Obama vs. Romney: What They Wear When They're Not In Suits (PHOTOS)

When politicians ditch the suits... it gets a little questionable.
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Fashion Whip is a political style column in the Huffington Post by Lauren A. Rothman, inspired by Lauren's experience as the founder of StyleAuteur, a style and fashion consulting firm.

Does what the President wears on the campaign trail make a political statement? When he visits your hometown, shakes your hand, or kisses a baby will it matter if he's dressed in a suit or a North Face fleece? Democrat or Republican, the public style statement is important to both parties.

With three weeks left on the campaign trail, President Obama and challenger Mitt Romney still have many fashion statements - or faux pas - to make. POTUS has been spotted in mandals and Romney's been sporting "dad" jeans so faded they look like an ancient relic. While these leading men have mastered debate dress, they could still use some work in the casual wear category.

Like most of my clients, Obama and Romney focus first on career wear. Both men have trim physiques, are physically fit, and know how to wear the presidential uniform well: navy suit, crisp white shirt with a point collar, a red or blue tie, and a flag pin. This far along in the campaign process, they stay away from anything trendy and are very aware of dressing too rich, avoiding high-end accessories like pocket squares, cuff links, or tie pins.

However, the time has come for a style intervention on the casual front. The next three weeks have these men, as well as other political leaders, pounding the pavement around the country and campaigning - many of whom have been criticized for their lack of style outside the Capitol building. Casual attire must be updated to appear comfortable, modern, and fit for a president.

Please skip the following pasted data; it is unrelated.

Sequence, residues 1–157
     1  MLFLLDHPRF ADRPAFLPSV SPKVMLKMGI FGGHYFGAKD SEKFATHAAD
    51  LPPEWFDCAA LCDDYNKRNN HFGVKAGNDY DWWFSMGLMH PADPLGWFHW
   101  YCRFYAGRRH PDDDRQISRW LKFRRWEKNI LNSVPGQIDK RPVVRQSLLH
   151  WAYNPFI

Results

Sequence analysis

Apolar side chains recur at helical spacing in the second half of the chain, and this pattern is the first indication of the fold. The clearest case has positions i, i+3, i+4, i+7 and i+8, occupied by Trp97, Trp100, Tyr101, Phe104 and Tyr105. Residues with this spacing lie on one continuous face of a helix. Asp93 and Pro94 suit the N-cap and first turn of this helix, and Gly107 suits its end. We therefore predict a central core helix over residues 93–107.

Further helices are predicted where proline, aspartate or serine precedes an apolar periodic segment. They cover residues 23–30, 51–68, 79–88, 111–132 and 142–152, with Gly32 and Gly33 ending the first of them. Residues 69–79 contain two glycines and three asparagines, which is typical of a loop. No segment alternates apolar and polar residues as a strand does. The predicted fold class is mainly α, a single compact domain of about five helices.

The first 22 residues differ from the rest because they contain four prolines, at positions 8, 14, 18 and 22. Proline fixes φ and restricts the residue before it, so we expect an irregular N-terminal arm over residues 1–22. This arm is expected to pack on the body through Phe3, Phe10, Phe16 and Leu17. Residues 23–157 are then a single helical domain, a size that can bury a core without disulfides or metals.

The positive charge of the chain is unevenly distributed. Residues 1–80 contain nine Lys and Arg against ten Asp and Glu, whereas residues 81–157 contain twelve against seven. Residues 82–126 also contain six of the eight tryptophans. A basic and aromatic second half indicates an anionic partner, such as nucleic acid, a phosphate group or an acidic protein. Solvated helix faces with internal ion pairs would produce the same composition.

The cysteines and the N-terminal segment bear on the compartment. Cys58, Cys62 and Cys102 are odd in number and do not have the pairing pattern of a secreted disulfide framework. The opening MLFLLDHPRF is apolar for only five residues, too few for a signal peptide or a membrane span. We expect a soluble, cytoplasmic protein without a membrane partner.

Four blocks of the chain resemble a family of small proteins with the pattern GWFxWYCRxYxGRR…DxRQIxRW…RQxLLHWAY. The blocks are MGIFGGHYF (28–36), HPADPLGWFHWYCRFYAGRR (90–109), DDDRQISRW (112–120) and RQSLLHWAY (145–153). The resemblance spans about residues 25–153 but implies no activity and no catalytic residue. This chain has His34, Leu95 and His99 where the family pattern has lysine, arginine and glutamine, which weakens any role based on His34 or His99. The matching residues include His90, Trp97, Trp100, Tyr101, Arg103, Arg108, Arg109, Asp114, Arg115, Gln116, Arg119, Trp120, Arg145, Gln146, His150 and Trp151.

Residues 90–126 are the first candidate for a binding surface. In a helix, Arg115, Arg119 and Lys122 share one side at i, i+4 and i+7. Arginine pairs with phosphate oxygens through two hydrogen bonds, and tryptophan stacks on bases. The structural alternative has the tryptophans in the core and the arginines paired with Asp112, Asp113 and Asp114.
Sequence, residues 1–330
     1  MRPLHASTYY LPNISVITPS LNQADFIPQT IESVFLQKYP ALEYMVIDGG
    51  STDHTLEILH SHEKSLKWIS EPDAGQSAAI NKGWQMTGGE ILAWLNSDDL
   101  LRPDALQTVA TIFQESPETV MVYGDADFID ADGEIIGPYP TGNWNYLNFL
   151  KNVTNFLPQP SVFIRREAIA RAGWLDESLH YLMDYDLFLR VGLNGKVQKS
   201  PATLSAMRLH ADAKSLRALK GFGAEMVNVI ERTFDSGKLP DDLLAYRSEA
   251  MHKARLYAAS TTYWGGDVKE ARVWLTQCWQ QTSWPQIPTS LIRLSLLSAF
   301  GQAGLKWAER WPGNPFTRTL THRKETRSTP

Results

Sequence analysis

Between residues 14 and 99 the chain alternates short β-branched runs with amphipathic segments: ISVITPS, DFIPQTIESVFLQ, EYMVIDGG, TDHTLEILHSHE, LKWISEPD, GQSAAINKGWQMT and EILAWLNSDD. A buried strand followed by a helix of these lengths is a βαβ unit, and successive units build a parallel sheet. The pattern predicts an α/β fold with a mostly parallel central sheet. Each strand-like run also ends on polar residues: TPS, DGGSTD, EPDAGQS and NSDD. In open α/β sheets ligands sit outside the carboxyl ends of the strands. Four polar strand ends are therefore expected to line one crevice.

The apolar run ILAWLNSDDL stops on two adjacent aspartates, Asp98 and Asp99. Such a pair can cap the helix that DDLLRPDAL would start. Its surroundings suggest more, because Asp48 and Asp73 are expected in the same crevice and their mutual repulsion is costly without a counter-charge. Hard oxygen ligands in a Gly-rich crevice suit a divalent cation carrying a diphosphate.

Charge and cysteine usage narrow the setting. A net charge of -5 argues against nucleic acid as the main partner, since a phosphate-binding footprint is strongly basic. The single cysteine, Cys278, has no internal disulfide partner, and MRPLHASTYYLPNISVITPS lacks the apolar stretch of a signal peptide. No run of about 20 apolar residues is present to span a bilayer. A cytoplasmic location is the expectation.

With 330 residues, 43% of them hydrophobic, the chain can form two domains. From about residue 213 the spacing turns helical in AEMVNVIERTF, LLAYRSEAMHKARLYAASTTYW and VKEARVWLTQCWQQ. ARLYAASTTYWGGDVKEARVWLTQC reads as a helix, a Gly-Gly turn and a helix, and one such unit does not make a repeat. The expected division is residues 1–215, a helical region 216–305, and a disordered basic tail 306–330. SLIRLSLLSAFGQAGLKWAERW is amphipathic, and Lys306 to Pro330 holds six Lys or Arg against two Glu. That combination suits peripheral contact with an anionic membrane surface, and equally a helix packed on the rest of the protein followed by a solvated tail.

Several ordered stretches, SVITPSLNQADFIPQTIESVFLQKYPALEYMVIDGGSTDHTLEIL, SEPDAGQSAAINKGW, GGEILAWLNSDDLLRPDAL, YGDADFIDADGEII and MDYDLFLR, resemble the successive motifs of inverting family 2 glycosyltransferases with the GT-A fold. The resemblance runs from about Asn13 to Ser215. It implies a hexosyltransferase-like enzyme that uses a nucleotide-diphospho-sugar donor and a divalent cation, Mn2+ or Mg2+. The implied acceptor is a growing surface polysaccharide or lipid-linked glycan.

Follow these last minute wardrobe changes and start shaking hands in style:

1. Wear darker jeans. What you wear makes an impact - your jeans can be from the Gap or Neiman Marcus but jump into this decade with "dressy," more fitted jeans. Many business casual offices allow denim on Fridays -follow this dress code with a dark wash and stay away from whiskering, overly faded, acid washed or ripped jeans.

2. Lose the fleece. Instead, add sweaters to your repotoire. Cashmere or wool it doesn't matter. But, pairing a fleece with dress pants looks awkward - like you're trying too hard to be casual at work. Sweaters do a nice job at dressing up jeans and dressing down khakis or dress pants. Make a lightweight half-zip sweater your new best friend. A nice wool blazer matches nicely for extra warmth instead of the cheesy "Members Only" windbreaker. Allow your style to become predictable in a good way.

3. Buy better shoes. Sneakers and sandals are not allowed. Just like nice hotel lobbies. Opt for loafers or lace ups with rubber soles - they move from day to night, and from jeans to dress pants effortlessly.

Happy campaigning and wishing you luck!

Check out these politicians in their casual-Friday garb!

Mitt Romney

Politicians in Their Casual Wear

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